The Argument

I was on high alert as I entered our seaside chapel for a prayer meeting. A heated argument could be heard. Because of past trauma, angry voices make me highly anxious.

‘Sarah’, and ‘Elizabeth’ were having still another of their many disagreements.

This time it was due to the fact that Sarah had brought a beautiful arrangement of lupins in a vase to place in front of the altar. These gorgeous large wildflowers bloom in abundance in Newfoundland in the summer.

Alas, Elizabeth had already placed an artificial arrangement of pink and white blooms in that spot.

This irked Sarah, who felt the need to remind Elizabeth too loudly that artificial flowers were not allowed in Catholic churches.

Elizabeth felt that the fake flowers were fine. She said that they were more practical, and would look cheerful for years. She said that she felt sad when real flowers started to wilt, and she felt that they were messy.

Sarah confidently defended her position. Real flowers take a prominent place in the Church since live flowers represent the sacrifice of life. Symbolically, flowers represent Christ’s sacrifice for humanity.

Finally, ‘Joan’ , our group’s peacemaker, suggested that Elizabeth place her artificial arrangement at the back of the church. Four years later, it is still there, looking as cheerful as ever.

When Christians bicker and argue, it is, what RJ Dawson calls, ‘a bad witness’.

When Christians are very vocal about who is right, and who is wrong, our ego-filled petty ‘battles’ are unlikely to draw others to Jesus, the Prince of Peace.

It is inevitable that we are going to disagree in some areas, but may our differences of opinion always be worked out in a spirit of love, and mutual respect.

Photo of Newfoundland lupins on Pexels

What’s Cooking ?

Have you noticed how some things may be better in theory than in reality ?

A new church was opened in the village, and its pastor used a new technique to try to entice members.

He planned to serve breakfast to prospective congregants before the Sunday morning church service.

This was unusual, since most churches may serve refreshments after the service.

My husband and I attended this new venture, since we like to be supportive of everyone in the village.

It was lovely to see the great care the church members had taken to feed each other. There were all kinds of goodies, and great fellowship.

However, eventually it was found that people had difficulty starting the church service on time, since everyone was so engrossed in breakfast conversation.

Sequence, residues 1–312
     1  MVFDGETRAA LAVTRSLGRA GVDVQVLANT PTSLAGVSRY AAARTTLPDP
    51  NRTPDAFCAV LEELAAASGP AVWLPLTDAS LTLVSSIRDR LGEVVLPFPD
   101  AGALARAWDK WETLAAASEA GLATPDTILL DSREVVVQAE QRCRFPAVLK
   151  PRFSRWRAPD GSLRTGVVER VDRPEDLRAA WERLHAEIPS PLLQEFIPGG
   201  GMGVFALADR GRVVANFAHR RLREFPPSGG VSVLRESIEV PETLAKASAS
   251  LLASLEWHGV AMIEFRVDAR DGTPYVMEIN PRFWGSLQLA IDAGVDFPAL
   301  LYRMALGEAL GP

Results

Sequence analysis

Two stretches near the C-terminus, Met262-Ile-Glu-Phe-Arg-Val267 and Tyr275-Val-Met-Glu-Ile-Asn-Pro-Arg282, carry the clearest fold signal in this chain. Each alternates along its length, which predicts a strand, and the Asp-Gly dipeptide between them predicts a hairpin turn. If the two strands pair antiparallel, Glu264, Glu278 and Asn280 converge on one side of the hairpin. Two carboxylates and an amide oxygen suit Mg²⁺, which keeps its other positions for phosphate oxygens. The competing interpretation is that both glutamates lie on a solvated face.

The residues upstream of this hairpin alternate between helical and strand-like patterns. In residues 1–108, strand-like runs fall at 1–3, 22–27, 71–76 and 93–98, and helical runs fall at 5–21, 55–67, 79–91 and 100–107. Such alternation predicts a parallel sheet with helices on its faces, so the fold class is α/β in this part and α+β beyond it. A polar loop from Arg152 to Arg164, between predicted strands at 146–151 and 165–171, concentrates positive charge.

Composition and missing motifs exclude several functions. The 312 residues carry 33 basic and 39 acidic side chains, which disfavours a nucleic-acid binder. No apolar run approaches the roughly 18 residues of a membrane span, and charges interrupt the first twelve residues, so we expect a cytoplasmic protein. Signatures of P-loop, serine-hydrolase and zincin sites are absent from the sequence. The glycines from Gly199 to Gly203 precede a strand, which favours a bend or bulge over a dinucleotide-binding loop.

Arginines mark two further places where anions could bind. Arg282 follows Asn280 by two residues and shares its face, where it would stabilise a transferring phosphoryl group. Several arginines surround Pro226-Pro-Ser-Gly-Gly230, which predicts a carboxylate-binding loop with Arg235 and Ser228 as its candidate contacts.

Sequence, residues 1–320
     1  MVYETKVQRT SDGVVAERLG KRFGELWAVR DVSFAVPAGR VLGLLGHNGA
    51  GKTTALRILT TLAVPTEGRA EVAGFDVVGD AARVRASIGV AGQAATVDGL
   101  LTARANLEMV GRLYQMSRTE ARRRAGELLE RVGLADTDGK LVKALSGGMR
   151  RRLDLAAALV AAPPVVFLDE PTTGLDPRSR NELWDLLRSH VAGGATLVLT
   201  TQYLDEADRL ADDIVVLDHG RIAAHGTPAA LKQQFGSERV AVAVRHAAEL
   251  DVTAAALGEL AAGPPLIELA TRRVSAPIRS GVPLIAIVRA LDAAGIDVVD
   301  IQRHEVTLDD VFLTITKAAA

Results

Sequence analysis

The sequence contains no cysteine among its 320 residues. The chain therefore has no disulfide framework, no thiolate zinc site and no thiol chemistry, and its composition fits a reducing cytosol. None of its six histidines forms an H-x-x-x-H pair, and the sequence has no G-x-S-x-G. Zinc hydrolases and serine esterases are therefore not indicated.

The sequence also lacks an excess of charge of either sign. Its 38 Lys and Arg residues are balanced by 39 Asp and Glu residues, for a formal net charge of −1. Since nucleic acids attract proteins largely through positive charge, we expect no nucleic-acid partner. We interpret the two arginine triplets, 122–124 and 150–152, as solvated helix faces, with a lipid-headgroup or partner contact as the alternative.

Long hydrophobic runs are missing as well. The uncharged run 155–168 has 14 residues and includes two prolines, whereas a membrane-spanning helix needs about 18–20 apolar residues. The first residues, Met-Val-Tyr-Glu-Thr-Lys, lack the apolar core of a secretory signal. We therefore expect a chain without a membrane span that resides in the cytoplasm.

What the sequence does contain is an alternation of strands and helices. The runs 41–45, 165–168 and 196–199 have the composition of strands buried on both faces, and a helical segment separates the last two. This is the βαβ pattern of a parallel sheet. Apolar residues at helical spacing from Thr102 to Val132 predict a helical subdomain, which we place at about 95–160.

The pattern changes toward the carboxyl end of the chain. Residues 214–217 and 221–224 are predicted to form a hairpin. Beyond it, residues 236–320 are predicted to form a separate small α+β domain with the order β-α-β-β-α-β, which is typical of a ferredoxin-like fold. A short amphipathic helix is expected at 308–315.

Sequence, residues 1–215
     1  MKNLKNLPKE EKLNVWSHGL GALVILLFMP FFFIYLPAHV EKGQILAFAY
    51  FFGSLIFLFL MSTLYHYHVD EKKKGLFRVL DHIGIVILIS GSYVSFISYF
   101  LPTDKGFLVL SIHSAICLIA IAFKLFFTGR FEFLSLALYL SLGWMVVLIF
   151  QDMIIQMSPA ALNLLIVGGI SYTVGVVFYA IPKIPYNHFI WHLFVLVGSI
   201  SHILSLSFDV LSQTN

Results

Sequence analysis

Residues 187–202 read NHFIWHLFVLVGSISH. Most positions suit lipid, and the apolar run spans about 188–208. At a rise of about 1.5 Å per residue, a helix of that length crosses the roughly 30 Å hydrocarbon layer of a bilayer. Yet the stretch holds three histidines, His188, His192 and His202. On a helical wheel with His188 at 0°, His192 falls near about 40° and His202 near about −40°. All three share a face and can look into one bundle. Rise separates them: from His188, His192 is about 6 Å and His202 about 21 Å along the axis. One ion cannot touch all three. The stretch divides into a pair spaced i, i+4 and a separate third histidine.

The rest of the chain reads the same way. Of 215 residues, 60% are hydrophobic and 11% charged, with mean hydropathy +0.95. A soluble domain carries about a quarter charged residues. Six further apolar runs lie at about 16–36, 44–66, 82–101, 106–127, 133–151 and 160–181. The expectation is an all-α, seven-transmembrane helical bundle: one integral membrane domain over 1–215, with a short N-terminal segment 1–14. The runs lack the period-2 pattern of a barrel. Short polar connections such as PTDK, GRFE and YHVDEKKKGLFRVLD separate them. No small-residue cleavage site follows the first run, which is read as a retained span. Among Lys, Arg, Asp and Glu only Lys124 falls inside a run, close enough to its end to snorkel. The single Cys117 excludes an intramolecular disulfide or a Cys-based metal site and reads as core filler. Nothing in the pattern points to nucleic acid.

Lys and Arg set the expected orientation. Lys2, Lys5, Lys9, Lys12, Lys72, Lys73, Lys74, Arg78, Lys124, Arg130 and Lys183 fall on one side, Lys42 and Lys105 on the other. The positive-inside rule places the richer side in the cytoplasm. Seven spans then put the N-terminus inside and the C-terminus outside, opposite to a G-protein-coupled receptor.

Ladies began to trade recipes, especially for muffins and sweets, and the church service started later each week.

The members who had prepared and cooked the food also seemed less attentive during the service, since they were tired from all the preparation, and they knew that they still had clean up duties ahead of them.

We returned to our home church after a while and we still wonder if the breakfasts are ongoing.

We liked this church, and we appreciated the ladies’ ‘Food Ministry’ of care, and love.The atmosphere contrasted with our home church, where members make a frantic rush to the door the minute the service ends.

There appears to be two types of churches, those where congregants like to break bread and socialize, and others where members pray and dash away.

May the Lord give us the grace to feed each other, with physical and spiritual food.

Photo by Joao Marcelo Martins

A New ‘Religion’

Do you enjoy the smell of fresh-cut grass ?

It was surprising to learn that this scent is produced by the tiny plants when they are feeling upset.

Chemicals called green-leaf volatiles ( GLVs) are released by grass plants as a distress signal when the mower cuts them , and this odor acts as a warning to other plants of approaching danger. (sources available on internet).

Further evidence of plants feeling pain was produced by a large scale study done at Tel Aviv University in 2019. Studies on tomato and tobacco plants showed that the plants screamed in response to being injured. The screams are silent to our ears of course, but they were measured using ultrasound technology.

The ‘Plant Rights’ Movement is gaining momentum.

In 2008, Switzerland became the first country to officially recognize the rights of plants. Plants must be treated with dignity, and never humiliated, it is maintained.

These concepts have been formally incorporated into the Swiss Constitution.

We are expected, of course, to care for the world, since it is God’s beloved creation, but we need to avoid entering environmental madness. Studying plant pain seems somewhat superfluous when human lives are in peril in the womb.

There is also a danger of worshipping what has been created rather than the Creator.

Statistically, people who ‘leave’ organized religion tend to gravitate to the new religion of Environmentalism, where salvation becomes secondary to ‘saving the planet’.

Although sustainability is a noble concept, let us be aware that urban atheists in particular seem to be attracted to Environmentalism as a religion.

Lawnmowers are getting ready to come out now here in our village. The beautiful stillness will be interrupted by their grumbling sounds.

However, I now know that tiny grass plants would rather grow long and sway in the wind.

May God grant us wisdom and discernment .

Photo courtesy of iStock

Beautiful garden during the Spring.

Missed Opportunity

Did you ever sit beside an annoying passenger on a plane ?

I was sitting beside the window on a plane going to Mexico.

My research hadn’t been going well, and I felt discouraged.

So my husband suggested that I take a vacation to Mexico, for a change of pace.

He was really busy at work, and my friends had family responsibilities, so I was travelling alone.